A speckled fawn stepped into the sun-dappled clearing, allowing Meara’s breath to escape in a whoosh. A deer, a baby, which meant the mother wouldn’t be far behind. The doe stepped out from the brush, giving the girl leaning against the tree a speculative glance before foraging the mosses and delicate wildflowers. If she stayed still, the skittish forest inhabitants would ignore or possibly accept her. It meant a great deal that they accepted her in an offhand way.
Birdsong accompanied the play and the chuckle of the nearby creek. The area around the convent walls drew her. Here, she felt at home. It certainly felt more right than walking in straight lines with the sisters chanting somber words to an unseen male deity who demanded constant homage in the form of prayers six times a day. Her hand covered her mouth, hoping she hadn’t said such a thing aloud. Even thinking it was a sin, but speaking it would result in excommunication and horrible punishment.
Sister Thomas reminded her, anytime she’d made the mistake of complaining about the endless monotony of convent life, that her mother died a painful death in childbirth due to her sins. A few sisters whispered bastard, changeling, dark whelp within her hearing. Perhaps, they needed to point out she was different, as if she couldn’t have figured that out herself.
Outside the walls, she’d slip off her shoes feeling the cool spongy moss under her feet. It tickled, but more importantly, it lived and touched her. The lack of physical touch within the cloistered walls intensified her yearning for something to touch her, even if the touch was passive as she trod upon it.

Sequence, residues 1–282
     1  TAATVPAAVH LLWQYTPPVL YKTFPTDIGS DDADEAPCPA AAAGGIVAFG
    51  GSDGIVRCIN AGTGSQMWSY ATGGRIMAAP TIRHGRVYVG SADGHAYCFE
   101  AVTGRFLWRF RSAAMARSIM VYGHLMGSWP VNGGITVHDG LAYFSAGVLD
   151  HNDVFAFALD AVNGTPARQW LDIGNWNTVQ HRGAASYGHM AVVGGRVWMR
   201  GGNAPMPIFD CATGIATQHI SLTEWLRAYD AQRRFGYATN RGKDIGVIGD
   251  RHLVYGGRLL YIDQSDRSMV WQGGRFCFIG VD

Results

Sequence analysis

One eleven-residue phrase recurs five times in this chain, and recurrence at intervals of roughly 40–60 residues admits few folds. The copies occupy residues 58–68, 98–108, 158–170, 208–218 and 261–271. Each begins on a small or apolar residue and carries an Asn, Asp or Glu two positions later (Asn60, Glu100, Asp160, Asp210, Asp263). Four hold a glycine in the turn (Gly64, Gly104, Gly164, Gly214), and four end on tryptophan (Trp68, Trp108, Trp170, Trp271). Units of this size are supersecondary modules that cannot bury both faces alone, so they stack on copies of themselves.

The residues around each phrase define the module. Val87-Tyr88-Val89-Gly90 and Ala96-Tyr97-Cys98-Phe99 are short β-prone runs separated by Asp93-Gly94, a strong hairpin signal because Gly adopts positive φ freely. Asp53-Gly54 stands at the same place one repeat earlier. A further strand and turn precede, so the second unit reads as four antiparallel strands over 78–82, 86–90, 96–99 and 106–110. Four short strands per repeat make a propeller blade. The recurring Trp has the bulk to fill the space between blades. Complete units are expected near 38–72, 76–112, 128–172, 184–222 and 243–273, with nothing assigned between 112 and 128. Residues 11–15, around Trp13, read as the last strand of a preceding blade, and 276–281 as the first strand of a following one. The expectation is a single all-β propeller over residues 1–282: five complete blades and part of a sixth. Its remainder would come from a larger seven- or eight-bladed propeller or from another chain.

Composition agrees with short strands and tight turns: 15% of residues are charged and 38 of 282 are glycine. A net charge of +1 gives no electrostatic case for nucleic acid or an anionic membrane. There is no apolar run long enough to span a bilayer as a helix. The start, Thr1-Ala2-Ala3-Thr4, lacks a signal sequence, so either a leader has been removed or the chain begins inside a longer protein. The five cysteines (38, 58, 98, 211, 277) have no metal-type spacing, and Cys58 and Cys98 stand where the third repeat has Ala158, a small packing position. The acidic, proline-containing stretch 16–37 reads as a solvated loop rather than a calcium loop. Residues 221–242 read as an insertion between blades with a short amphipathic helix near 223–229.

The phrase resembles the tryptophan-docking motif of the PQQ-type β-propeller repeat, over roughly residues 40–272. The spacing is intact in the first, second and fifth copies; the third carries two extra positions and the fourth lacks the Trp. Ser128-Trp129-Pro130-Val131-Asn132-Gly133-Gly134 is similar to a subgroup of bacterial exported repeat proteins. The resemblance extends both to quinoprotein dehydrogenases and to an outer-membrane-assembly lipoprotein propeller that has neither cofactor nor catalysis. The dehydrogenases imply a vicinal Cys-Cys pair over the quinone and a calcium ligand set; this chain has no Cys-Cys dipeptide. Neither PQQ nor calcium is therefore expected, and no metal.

The tiniest shift of light motes moved through the air, forming and reforming, flying or tumbling through the air. The grass beside her pushed down similar to something landing beside her. Although her eyes did not convey such information, she knew, the same as she knew her mother did not die from any great sin. Dozens of Hogstead village women died in childbirth as Sister Gabriella explained when she found Meara crying in the garden shed.
A warmness crept over a body, a comforting peace that somehow came from the unseen presence beside her. To speak of it would destroy it. Even Sister Gabriella, who was bolder than the other sisters—since she took an angel’s name as opposed to a saint’s—wouldn’t understand.
The lengthening shadows indicated the vanishing afternoon. Soon the bells would toll for the three o’clock service, and her absence would be obvious. She stood, brushing the leaves off her plain brown tunic before giving a head bob to the area where she’d been sitting.
“Good day to you.”
Even though no human words rode the air, she felt a response, one of respect and care. Her measured footsteps allowed her to move past the wildlife without sending it fleeing. Once she cleared the woods, she grabbed the hem of her tunic and ran.

About the Author:2

Rayna Noire is an author and a historian. The desire to uncover the truth behind the original fear of witches led her to the surprising discovery that people believed in magick in some form up to 150 years ago. A world that believed the impossible could happen and often did must have been amazing. With this in mind, Ms. Noire taps into this dimension, shapes it into stories about Pagan families who really aren’t that different from most people. They do go on the occasional adventures and magick happens.